The Android version – considered an evolutionary successor to GoldDiggerPlus – also masquerades as more than twenty different applications from the Thai government, financial industry and utilities to steal credentials to these services. However, it is currently unclear what the threat actors do with this information.

Another notable aspect of the malware is its misuse of Android’s accessibility services to record keystrokes and extract content on the screen.

Mobile banking malware attacks

GoldDigger also shares code-level similarities with GoldPickaxe, although it is primarily designed to steal banking information, while the latter is more focused on collecting personal information from victims. So far, no GoldDigger artifacts targeting iOS devices have been identified.

“The main feature of GoldDigger is that it targets more than 50 applications of Vietnamese financial companies, including the names of their packages in the Trojan,” the researchers said. “Every time the targeted applications are opened, the text displayed or written on the user interface, including passwords, is saved as they are entered.”

The base version of GoldDigger, which was first discovered in June 2023 and is still in circulation, has since paved the way for more upgraded variants, including GoldDiggerPlus, which comes with another trojan APK component called GoldKefu, to destroy the malicious to unleash actions. .

GoldDiggerPlus is said to have originated in September 2023, with GoldKefu posing as a popular Vietnamese messaging app to siphon banking information from ten financial institutions.

Goldkefu also integrates with the Agora Software Development Kit (SDK) to enable interactive voice and video calls and trick victims into contacting a fake bank customer service center by sending fake alerts that create a false sense of urgency by claiming that a money transfer worth 3 million Thai Baht in their accounts has taken place.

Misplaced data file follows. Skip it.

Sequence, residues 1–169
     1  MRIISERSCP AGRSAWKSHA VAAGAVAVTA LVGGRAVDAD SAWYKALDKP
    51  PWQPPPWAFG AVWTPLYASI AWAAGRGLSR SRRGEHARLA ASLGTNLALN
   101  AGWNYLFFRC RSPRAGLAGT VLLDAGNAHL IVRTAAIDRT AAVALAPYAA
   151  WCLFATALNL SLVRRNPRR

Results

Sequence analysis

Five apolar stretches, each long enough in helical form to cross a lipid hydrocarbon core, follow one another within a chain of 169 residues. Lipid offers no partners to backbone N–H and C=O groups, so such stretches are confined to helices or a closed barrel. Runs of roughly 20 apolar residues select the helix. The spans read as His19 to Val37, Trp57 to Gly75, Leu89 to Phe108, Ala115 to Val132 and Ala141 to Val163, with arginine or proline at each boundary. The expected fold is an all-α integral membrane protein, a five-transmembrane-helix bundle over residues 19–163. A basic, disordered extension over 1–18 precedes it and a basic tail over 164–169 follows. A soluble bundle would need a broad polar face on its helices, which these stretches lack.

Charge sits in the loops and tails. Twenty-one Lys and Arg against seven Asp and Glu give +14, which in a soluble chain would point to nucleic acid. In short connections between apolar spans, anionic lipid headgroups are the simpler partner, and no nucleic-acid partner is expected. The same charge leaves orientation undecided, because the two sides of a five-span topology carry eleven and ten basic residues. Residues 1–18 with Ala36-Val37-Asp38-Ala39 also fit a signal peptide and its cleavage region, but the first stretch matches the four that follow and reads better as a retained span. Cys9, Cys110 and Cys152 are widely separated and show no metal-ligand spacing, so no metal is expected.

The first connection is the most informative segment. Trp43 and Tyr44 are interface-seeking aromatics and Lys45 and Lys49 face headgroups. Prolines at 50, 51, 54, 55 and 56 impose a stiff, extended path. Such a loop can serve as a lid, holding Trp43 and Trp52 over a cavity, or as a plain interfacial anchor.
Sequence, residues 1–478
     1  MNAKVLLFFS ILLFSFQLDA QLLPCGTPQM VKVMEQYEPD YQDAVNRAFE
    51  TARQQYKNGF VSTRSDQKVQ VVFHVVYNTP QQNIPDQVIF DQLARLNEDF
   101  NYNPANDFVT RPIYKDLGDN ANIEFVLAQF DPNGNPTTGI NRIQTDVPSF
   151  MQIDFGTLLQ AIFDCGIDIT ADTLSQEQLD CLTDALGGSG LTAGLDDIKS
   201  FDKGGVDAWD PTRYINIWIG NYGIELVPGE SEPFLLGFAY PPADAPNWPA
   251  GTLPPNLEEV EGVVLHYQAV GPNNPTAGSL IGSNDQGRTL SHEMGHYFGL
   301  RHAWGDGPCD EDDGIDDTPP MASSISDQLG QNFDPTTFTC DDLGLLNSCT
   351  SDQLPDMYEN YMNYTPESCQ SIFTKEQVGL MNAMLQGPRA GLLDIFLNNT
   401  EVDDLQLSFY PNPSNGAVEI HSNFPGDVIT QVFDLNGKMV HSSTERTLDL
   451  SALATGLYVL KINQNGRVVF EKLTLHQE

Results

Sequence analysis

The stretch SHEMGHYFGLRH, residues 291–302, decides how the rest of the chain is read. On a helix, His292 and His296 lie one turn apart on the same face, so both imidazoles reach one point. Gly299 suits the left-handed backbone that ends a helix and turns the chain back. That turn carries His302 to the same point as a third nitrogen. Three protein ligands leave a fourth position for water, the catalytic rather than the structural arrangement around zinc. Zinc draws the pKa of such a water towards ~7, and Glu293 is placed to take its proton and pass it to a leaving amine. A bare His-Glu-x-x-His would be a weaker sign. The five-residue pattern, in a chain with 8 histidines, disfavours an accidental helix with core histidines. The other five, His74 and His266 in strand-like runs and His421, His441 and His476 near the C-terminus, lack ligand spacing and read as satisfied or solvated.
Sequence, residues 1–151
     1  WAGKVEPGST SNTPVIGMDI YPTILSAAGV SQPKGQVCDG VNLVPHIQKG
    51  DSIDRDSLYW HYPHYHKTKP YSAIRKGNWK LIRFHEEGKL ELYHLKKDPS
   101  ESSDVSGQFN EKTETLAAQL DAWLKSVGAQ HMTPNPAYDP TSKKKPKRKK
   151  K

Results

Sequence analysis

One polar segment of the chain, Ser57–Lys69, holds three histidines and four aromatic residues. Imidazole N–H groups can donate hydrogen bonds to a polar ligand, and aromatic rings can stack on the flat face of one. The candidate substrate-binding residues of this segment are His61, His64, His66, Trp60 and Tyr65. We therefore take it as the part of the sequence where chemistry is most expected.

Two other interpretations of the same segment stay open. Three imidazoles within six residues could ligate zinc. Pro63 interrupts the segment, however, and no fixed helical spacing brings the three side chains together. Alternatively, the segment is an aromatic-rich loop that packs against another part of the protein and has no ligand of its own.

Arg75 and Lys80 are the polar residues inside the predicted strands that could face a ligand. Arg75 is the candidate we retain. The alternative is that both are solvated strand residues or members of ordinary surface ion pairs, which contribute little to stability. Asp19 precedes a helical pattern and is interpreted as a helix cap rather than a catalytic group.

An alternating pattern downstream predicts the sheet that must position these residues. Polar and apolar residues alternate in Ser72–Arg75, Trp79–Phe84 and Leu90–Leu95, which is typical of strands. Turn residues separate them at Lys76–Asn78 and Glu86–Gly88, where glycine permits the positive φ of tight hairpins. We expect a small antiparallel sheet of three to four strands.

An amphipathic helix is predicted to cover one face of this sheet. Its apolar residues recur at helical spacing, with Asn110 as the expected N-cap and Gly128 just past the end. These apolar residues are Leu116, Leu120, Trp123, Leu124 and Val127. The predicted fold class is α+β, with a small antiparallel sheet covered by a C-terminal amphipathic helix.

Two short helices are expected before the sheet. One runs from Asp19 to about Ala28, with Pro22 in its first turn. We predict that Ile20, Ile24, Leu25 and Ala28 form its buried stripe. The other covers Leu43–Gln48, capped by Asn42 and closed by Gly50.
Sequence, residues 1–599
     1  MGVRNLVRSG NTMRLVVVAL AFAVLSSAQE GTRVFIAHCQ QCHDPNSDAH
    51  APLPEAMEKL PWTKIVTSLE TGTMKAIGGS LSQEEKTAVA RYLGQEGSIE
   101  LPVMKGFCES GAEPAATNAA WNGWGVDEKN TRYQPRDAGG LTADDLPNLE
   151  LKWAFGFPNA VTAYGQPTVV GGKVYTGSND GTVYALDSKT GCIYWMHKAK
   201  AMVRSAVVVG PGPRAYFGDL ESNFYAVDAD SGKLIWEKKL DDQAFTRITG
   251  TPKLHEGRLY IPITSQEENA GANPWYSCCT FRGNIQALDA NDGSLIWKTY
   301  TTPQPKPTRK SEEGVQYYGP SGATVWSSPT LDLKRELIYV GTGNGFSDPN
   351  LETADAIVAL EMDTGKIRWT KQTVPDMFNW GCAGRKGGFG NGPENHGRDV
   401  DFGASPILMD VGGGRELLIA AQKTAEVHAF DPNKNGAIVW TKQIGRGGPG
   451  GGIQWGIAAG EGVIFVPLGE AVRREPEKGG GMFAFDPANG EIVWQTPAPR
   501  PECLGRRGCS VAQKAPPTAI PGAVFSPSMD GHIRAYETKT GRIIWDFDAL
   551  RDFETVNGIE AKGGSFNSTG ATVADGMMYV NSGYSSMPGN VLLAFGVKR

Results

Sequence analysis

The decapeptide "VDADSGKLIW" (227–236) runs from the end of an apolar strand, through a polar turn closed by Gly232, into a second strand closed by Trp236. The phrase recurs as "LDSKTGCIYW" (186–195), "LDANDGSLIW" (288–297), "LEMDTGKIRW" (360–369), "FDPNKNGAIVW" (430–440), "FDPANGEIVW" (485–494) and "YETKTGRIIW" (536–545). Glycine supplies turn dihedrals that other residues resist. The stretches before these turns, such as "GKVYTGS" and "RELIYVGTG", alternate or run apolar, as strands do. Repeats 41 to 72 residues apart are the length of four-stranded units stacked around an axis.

Mobile banking malware attacks

If anything, the development is a sign that the mobile malware landscape remains a lucrative market for cybercriminals looking for quick financial gain, even as they find ways to circumvent banks’ defensive measures to counter such threats. It also demonstrates the ever-changing and dynamic nature of social engineering schemes aimed at planting malware on victims’ devices.

To limit the risks posed by GoldFactory and its suite of mobile banking malware, it is strongly recommended not to click on suspicious links, not to install apps from untrustworthy sites as they are a common vector for malware, and to periodically clear permissions check given to apps. especially those who request Android’s accessibility services.

“GoldFactory is a resourceful team adept at a variety of tactics including impersonation, accessibility keylogging, fake banking websites, fake bank alerts, fake call screens, identity and facial recognition data collection,” the researchers said. “The team consists of separate development and operator groups focused on specific regions.”

“The gang has well-defined processes and operational maturity and continuously improves its toolset to adapt to the target environment, demonstrating high proficiency in malware development.”